Secondary Ion Mass Spectrometry Study of Hydrogenated Amorphous Silicon Layer Disintegration upon Rapid (Laser) Annealing
in: Physica Status Solidi A-Applications and Materials Science (2023)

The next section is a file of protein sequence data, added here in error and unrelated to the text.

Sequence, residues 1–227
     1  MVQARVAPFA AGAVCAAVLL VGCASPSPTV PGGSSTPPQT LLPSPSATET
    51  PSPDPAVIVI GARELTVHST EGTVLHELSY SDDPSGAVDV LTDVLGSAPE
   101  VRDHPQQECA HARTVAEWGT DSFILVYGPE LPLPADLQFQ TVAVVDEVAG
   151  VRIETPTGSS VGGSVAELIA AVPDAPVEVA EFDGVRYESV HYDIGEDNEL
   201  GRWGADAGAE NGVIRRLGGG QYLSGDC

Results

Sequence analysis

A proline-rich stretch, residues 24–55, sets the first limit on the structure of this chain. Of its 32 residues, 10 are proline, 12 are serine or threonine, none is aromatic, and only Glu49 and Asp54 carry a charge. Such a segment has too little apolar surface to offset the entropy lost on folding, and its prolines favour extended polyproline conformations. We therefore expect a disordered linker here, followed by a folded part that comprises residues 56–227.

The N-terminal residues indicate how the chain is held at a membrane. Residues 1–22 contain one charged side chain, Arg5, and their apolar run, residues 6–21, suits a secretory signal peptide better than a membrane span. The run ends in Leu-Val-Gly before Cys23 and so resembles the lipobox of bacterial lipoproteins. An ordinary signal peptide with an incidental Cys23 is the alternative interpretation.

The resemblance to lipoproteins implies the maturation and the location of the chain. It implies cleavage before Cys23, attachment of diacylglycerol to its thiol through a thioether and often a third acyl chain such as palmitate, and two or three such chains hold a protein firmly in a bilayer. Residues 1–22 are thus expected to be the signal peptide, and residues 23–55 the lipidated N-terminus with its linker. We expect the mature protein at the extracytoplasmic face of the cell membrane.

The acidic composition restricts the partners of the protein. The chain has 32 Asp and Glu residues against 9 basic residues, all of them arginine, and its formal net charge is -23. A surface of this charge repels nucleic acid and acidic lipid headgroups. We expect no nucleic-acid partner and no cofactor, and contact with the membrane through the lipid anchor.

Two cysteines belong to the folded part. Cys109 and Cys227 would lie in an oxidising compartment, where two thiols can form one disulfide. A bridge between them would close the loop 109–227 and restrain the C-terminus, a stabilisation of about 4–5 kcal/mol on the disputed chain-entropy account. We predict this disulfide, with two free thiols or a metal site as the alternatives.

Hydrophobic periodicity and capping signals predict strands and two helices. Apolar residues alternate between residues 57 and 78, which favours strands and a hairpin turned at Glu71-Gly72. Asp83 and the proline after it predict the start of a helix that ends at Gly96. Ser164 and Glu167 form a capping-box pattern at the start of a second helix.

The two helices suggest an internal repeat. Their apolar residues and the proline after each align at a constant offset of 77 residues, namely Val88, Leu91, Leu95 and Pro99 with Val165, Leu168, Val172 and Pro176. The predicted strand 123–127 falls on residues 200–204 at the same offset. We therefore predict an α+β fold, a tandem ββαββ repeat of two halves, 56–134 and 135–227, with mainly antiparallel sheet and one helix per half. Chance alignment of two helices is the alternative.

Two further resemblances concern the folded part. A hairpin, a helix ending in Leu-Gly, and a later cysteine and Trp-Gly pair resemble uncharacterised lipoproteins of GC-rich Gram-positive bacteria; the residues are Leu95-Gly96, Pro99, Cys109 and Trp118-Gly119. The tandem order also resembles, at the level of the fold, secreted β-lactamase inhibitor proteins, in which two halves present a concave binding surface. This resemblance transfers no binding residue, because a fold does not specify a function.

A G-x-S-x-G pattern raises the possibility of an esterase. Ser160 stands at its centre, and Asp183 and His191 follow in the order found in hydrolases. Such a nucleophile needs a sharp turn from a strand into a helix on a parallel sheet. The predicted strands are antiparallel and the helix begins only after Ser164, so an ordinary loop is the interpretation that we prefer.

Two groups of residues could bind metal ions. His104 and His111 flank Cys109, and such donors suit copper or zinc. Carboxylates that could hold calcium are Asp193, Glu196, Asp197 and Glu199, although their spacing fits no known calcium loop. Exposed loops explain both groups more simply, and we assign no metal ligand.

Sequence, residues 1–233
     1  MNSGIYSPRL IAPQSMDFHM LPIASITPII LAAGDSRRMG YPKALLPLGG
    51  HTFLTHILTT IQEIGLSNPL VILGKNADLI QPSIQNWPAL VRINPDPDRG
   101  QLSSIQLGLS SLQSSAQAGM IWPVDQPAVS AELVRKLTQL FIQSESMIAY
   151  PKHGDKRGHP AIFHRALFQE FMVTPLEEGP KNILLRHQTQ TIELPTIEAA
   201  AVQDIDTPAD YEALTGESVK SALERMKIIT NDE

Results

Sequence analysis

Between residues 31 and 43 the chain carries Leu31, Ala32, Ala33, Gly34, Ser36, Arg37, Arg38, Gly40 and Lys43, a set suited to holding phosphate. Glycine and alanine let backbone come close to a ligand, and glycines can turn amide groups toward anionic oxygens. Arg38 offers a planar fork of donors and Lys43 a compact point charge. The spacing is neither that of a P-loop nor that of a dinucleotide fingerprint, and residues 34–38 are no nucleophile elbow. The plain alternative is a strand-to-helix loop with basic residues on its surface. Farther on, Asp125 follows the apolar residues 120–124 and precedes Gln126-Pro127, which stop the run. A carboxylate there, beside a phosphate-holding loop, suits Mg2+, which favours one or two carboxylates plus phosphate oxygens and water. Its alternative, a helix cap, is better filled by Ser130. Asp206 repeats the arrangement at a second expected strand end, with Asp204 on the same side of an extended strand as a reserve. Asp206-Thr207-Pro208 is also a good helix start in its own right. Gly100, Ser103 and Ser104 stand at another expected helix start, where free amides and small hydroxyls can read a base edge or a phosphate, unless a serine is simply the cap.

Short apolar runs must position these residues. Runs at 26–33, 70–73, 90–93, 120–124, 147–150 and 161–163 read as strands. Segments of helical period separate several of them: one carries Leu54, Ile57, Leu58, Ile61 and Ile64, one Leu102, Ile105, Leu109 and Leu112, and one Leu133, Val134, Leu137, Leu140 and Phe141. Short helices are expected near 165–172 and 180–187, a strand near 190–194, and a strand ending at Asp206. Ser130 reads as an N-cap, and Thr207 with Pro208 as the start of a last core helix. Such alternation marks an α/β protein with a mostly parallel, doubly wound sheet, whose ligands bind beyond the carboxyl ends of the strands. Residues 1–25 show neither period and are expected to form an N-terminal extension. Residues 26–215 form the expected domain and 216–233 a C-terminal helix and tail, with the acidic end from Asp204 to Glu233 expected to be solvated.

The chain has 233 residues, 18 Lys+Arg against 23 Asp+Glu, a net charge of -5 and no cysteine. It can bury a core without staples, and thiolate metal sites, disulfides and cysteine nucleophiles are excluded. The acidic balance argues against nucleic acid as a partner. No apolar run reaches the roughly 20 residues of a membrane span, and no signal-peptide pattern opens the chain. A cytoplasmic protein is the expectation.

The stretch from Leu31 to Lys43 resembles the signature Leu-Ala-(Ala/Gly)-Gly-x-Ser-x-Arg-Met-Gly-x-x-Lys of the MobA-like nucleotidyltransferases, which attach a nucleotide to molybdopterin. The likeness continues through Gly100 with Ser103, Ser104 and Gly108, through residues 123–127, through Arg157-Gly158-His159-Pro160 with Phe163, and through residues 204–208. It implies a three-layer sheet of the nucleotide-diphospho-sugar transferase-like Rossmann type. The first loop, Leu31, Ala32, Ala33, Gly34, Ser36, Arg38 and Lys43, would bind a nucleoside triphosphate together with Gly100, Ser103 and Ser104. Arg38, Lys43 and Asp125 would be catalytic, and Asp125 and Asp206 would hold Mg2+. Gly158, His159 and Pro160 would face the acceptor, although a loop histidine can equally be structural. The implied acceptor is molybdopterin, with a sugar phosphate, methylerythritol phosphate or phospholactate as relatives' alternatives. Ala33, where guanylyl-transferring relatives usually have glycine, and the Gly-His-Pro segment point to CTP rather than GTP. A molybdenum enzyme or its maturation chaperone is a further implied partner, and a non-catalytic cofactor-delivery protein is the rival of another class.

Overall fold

Double layers of deuterated and hydrogenated amorphous silicon (a-Si:H) on glass are heated in ambient by scanning with a green (532 nm) continuous wave laser. The hydrogen diffusion length in the laser spot is obtained from the deuterium (D) -hydrogen (H) interdiffusion measured by secondary ion mass spectrometry (SIMS), the temperature in the laser spot is obtained by calculation. Under certain conditions, detachment of the deuterated layer from the hydrogenated layer is observed in the SIMS depth profiles, visible by rising oxygen and carbon signals at the D/H interface attributed to in-diffusion of atmospheric gas species like water vapor, oxygen and carbon oxide. Stacks involving both undoped and boron-doped a-Si:H films show disintegration. The results suggest that the parameters leading to the disintegration effects are the presence of a plane of reduced material cohesion at the D/H interface, a sizeable H diffusion length and a rather high heating rate. We consider it likely that the observed layer disintegration process is involved in the peeling of a-Si:H films upon fast heating. Furthermore, the results show that rapid laser heating can be used to detect planes of reduced material cohesion which may compromise the electronic properties of a-Si:H based stacks.